While visiting the Washington National Cathedral’s Bishop’s Garden, I came across a plaque commemorating the donation of the garden’s sprinkler system by the family of Frank Gardiner Wisner. The name seemed familiar.
Frank Wisner is responsible for some of the most reprehensible actions committed by the CIA. He made it possible for Belarussians the collaborated with the Nazis to gain US citizenship after WWII. In 1954 when a US fruit company felt the democratically elected president of Guatemala threatened their profits, Frank and the CIA orchestrated a coup that overthrew the president and replaced it with the first of many authoritarian governments supported by the US.
While Wisner was overthrowing democracies in the name of democracy, Mrs. Wisner was a volunteer tending the Bishop’s Garden at the cathedral. Meanwhile, in Iran when the elected prime minister decided to nationalize the oil industry, British and US leaders decide he had to go. And Wisner was just the man to make that happen. He reinstates the Shah to the throne, who the US loved but his people grew to hate. They ousted the Shah during the Iranian revolution. What followed was unending instability in that region.
Things don’t end well for Frank Wisener. He suffered from depression and eventually took his own life. Leaving yet more people devastated.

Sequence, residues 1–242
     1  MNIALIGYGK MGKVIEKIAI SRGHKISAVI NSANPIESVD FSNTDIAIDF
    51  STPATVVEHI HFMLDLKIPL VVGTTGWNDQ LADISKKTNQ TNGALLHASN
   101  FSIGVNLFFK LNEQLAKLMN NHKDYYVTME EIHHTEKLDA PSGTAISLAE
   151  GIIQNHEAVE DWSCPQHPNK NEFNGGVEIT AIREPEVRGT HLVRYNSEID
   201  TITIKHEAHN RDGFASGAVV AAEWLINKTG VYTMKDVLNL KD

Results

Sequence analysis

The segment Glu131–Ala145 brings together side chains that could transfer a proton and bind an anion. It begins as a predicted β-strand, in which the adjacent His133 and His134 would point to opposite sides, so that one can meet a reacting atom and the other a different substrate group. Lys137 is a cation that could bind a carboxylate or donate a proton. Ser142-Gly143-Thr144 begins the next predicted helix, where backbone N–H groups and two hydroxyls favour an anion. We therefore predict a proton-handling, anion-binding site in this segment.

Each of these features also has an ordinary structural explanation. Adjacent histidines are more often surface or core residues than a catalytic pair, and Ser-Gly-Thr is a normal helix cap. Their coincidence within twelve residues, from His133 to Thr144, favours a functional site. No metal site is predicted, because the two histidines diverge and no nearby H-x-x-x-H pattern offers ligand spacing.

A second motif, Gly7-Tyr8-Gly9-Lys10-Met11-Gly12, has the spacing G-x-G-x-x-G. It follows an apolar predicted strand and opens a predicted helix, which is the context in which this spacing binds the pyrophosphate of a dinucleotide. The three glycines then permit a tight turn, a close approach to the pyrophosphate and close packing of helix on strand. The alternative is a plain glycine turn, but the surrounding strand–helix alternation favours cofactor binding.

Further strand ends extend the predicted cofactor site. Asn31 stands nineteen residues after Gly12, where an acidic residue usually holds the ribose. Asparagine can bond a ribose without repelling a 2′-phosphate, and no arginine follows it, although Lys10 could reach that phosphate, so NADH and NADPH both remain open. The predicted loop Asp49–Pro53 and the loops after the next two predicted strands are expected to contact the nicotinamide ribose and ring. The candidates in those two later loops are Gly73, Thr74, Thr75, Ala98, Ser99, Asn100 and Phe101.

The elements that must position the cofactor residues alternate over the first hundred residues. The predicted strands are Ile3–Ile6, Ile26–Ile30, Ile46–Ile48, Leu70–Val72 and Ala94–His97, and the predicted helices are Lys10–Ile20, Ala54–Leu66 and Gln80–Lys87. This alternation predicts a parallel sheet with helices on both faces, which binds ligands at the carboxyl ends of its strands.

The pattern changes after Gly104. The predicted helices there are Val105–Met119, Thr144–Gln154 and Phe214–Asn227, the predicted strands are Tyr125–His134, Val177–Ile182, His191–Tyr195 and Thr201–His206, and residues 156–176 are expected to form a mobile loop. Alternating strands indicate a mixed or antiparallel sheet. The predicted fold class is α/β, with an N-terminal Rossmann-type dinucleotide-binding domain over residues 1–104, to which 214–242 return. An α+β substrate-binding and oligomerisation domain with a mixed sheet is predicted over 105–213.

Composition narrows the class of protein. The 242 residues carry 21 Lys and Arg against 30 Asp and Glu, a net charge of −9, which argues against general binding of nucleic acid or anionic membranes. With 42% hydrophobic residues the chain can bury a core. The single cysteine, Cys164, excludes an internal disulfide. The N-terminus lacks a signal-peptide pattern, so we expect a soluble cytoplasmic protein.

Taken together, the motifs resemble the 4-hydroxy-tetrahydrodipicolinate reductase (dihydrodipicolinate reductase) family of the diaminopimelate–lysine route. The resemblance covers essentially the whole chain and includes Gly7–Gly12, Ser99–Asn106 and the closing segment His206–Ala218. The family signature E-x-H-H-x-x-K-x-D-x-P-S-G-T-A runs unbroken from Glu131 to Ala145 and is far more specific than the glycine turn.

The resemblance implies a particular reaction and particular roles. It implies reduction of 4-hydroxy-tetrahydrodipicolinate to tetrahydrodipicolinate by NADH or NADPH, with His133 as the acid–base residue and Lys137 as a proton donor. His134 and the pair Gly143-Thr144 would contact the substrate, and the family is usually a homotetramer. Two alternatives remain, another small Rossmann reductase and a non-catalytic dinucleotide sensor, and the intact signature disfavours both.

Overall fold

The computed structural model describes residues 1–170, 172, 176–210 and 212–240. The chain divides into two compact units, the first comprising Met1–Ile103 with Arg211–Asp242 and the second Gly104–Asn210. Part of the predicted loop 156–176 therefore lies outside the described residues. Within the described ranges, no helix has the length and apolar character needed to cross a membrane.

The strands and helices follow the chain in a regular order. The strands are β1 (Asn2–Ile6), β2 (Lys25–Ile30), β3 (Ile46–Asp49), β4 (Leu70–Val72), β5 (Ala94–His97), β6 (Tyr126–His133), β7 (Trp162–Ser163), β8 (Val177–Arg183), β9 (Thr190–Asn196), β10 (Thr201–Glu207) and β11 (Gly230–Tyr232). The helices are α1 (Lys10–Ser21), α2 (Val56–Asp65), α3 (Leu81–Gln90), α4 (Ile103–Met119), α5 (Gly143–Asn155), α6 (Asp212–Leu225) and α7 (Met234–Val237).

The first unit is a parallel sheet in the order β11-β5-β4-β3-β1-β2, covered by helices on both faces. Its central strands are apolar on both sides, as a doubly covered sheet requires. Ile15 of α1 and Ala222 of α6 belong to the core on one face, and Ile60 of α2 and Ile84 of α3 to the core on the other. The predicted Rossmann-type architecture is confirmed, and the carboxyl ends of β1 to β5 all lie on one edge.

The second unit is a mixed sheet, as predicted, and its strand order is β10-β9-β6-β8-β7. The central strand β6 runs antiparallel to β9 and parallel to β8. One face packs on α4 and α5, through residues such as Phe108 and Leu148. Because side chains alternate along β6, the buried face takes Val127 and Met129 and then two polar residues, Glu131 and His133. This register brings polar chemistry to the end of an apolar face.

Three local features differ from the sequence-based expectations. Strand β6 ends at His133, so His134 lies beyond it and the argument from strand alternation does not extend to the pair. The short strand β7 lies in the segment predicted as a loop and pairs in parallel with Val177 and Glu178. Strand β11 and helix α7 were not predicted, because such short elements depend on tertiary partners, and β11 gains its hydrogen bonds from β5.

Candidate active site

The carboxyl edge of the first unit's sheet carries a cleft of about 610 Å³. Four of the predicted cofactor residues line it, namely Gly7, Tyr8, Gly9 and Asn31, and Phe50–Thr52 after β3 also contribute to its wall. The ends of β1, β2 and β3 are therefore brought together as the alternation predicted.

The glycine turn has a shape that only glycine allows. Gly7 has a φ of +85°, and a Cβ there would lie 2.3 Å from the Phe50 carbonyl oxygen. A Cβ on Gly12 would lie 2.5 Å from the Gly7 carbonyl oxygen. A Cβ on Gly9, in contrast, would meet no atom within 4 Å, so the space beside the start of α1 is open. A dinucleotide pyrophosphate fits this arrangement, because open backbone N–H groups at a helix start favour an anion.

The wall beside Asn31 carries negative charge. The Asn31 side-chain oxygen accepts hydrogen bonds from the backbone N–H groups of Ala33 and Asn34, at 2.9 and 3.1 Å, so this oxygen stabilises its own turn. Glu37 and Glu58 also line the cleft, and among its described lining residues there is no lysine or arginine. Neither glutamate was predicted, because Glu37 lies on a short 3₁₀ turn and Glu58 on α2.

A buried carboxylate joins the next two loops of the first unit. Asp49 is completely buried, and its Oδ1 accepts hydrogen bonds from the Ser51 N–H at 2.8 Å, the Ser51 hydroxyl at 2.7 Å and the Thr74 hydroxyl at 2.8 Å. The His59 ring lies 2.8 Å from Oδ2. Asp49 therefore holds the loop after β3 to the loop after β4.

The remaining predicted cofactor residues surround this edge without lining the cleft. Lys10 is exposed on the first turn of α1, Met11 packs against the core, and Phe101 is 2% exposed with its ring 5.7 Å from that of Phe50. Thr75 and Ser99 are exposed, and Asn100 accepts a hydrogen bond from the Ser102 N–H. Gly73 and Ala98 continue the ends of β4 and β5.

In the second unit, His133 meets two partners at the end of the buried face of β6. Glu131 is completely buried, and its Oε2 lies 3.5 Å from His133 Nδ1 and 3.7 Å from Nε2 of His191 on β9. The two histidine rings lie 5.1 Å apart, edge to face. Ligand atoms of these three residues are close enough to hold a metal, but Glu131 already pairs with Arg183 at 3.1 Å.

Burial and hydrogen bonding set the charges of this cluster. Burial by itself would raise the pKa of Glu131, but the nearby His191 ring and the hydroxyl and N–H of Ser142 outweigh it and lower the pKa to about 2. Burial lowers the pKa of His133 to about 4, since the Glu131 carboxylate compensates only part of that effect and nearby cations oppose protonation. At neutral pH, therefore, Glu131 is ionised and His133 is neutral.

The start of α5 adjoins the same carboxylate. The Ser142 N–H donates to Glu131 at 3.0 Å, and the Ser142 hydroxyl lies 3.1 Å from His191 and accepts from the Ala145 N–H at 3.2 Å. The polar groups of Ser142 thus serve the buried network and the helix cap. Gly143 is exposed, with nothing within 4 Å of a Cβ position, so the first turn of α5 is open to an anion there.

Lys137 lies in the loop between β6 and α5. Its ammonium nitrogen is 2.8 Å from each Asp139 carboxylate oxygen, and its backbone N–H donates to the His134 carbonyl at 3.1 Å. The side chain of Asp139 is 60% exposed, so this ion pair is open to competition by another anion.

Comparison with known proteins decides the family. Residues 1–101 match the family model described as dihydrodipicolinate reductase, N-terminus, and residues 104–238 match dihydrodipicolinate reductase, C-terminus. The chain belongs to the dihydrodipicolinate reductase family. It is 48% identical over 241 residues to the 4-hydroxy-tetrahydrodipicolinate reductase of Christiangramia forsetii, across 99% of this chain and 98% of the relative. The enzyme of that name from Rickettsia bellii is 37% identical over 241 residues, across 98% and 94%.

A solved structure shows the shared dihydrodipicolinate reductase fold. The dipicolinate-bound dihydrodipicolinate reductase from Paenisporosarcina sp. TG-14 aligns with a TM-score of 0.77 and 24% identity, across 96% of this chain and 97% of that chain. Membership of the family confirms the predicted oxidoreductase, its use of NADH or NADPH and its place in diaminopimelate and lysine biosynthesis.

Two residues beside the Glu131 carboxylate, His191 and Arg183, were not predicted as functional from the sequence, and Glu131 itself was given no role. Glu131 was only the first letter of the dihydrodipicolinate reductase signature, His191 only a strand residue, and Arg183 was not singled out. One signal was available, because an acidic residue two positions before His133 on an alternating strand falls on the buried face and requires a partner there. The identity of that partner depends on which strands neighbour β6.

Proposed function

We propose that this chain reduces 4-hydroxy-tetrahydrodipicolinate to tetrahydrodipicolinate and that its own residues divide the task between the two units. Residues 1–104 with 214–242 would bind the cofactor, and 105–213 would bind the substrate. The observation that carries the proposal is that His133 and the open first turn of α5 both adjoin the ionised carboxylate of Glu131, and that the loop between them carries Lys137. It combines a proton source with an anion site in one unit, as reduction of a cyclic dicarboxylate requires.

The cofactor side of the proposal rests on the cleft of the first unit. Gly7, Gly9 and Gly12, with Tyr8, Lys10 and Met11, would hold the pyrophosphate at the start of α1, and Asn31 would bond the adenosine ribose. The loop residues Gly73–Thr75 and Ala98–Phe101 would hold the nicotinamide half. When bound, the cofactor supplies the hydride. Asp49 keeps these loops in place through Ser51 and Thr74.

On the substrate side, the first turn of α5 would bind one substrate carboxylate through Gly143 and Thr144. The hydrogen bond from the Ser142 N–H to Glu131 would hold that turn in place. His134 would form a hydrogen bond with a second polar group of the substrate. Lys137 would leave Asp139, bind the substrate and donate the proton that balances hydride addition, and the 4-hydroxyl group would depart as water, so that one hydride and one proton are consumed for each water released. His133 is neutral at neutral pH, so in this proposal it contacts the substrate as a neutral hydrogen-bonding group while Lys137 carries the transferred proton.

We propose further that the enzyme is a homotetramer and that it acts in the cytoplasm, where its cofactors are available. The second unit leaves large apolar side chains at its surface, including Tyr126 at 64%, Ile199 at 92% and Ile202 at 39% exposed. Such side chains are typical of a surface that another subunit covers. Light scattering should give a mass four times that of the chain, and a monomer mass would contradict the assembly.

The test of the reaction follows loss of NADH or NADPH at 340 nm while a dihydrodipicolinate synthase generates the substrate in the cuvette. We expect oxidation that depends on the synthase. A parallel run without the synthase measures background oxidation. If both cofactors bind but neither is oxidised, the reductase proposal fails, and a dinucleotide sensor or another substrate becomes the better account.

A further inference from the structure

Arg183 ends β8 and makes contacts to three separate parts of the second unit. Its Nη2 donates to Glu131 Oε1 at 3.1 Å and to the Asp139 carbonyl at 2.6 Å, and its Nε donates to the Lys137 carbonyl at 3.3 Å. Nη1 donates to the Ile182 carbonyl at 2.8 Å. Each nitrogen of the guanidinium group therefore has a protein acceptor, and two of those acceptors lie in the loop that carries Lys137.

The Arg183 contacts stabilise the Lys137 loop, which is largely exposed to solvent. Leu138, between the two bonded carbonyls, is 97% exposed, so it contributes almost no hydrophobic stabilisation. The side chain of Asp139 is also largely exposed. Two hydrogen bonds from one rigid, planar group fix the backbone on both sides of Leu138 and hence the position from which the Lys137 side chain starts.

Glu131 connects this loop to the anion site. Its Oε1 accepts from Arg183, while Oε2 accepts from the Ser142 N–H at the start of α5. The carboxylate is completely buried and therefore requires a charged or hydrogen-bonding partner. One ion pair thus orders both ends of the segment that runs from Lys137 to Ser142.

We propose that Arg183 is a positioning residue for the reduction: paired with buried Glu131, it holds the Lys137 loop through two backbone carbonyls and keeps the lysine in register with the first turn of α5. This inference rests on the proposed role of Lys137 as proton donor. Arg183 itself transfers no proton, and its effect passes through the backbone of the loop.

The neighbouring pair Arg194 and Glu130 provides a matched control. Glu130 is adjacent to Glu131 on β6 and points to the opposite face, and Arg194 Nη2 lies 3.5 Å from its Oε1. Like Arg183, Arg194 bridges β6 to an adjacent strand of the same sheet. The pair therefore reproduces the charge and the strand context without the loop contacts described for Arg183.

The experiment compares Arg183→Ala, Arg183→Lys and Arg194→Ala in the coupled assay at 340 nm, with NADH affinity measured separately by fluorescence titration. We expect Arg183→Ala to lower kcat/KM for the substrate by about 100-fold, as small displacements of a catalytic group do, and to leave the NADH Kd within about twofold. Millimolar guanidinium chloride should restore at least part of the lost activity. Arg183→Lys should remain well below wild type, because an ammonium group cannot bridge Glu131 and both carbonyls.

So, what do we make of this sprinkler system donated in the name of one who brought so much misery to so many? The cathedral did know Wisner was in the top leadership of the CIA when they received the gift. But that in and of itself does not disqualify him from being remembered in this way. Did they know about the Nazis and coups? I don’t know.
But the church is about forgiveness. Did Wisner turn his life in a new direction? Did his work fuel his depression or was it the other way around? Is the sprinkler system that brings life-giving water a way for his family to atone for the death Wisner facilitated? Again, I don’t know.
But I do wonder if the people of Belarus, Guatemala, and Iran who still live with the repercussions of the US policy that Frank Wisner executed, feel this is a suitable way for him to be remembered.